Syrups should be perfectly transparent. The act of clearing or making the syrups bright by chemical or mechanical means, or the separation of all foreign substances which may disturb its transparency, is the "process of clearing," instead of filtration. Usually clarification is combined with filtration. When refined cane-sugar is used, filtration as formerly directed will be found quite sufficient, and one of those filters, or those attached to the syrup-making plants, described, are practical contrivances. When an inferior grade of sugar is used, or exceptional precaution is desired, clarification is resorted to.

The Chemical Means. Charcoal and Albumen

The chemical means are albumen, - white of egg or patent (artificial) albumen - or granulated animal charcoal. Albumen combines with the liquid when cold, but on the application of heat rapidly coagulates (at 70°C. or 158°F.), and rises to the surface, carrying the impurities with it, forming a scum which is easily removed with a skimmer. It is therefore used for clarifying syrups prepared by the hot syrup process only, and should never be employed with the cold syrup process, as it would remain in solution if not coagulated, and produce in course of time fermentation. Animal charcoal acts as a decolorizer, purifier and strainer; it corrects a defective refining of sugar, and is especially employed where inferior sugar is used. It is added to the mixture of sugar and water, and the whole heated either to the simmering or boiling point, as preferred, while stirring. When the syrup is done it is advisable to allow time for the charcoal to subside, as the accumulated charcoal in the filter would not permit a quick filtration. If the syrup is prepared by the cold process, and animal charcoal is preferred for its clarification, it is best to dissolve the sugar in the water by agitation and afterwards stir the charcoal in, agitating the mixture repeatedly, and then allow the charcoal to subside, when the syrup should be filtered; or filter the syrup through a layer of charcoal. Bone-black (char-coal-dust) should never be used. Animal charcoal can never be used at all with flavored syrups as it would absorb the flavor. The proportions of albumen or animal charcoal should be as follows: for twenty pounds of sugar the white of one egg, or 2 drachms patent albumen instead; the proportion of granulated animal charcoal should be about five pounds.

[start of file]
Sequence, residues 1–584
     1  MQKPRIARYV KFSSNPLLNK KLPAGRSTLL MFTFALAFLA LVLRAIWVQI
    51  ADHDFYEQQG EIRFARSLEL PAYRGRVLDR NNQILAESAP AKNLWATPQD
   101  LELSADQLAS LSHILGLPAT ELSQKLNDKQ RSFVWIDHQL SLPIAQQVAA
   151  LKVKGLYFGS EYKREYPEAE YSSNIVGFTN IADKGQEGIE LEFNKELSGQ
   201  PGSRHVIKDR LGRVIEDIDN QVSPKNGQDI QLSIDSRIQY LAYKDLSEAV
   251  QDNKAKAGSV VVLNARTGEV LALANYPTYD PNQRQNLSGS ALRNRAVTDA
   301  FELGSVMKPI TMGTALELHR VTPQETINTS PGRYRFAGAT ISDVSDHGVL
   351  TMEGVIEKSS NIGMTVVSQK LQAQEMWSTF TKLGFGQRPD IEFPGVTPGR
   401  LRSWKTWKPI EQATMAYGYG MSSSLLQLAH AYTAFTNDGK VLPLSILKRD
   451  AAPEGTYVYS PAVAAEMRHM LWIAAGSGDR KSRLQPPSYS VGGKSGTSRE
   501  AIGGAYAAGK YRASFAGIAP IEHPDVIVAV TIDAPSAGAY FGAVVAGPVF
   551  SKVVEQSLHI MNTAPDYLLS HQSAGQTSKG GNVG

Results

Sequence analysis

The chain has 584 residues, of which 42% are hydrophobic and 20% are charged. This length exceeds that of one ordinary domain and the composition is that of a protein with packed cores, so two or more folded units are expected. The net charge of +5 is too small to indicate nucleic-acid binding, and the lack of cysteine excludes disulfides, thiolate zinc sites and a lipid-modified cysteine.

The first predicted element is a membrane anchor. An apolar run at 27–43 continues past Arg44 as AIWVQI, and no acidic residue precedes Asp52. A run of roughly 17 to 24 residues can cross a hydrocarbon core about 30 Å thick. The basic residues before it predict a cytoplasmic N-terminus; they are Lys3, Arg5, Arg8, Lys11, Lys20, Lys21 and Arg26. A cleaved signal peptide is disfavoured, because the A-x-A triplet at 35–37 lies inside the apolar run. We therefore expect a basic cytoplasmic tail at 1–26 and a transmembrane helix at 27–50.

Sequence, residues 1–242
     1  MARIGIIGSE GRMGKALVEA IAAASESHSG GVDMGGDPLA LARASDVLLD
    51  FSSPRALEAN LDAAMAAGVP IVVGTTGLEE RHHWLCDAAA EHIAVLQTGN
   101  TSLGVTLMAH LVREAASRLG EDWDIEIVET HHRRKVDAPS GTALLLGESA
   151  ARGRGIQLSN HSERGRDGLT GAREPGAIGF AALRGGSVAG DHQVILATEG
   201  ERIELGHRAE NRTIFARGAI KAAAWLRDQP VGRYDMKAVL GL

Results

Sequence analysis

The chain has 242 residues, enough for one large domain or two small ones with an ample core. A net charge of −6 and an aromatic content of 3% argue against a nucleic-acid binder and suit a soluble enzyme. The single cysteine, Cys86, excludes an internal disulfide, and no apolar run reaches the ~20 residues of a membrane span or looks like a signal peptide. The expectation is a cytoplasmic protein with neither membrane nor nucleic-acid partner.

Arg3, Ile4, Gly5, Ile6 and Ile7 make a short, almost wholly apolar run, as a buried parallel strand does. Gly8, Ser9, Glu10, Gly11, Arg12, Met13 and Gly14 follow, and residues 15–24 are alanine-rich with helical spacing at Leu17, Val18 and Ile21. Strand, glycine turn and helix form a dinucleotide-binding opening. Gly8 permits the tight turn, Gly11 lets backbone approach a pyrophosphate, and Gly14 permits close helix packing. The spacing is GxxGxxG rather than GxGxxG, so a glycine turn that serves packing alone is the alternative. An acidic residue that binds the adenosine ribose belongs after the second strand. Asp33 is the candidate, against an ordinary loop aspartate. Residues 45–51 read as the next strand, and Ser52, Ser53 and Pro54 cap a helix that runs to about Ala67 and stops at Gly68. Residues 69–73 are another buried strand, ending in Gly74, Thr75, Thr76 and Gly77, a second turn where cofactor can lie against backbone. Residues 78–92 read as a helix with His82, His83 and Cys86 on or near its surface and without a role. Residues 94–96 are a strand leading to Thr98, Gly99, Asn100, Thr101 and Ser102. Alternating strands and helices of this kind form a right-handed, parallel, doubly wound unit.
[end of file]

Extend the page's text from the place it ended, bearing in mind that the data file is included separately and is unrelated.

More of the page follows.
The Mechanical Means

The mechanical means are also granulated animal charcoal, which acts both chemically and mechanically. Other means employed are the following: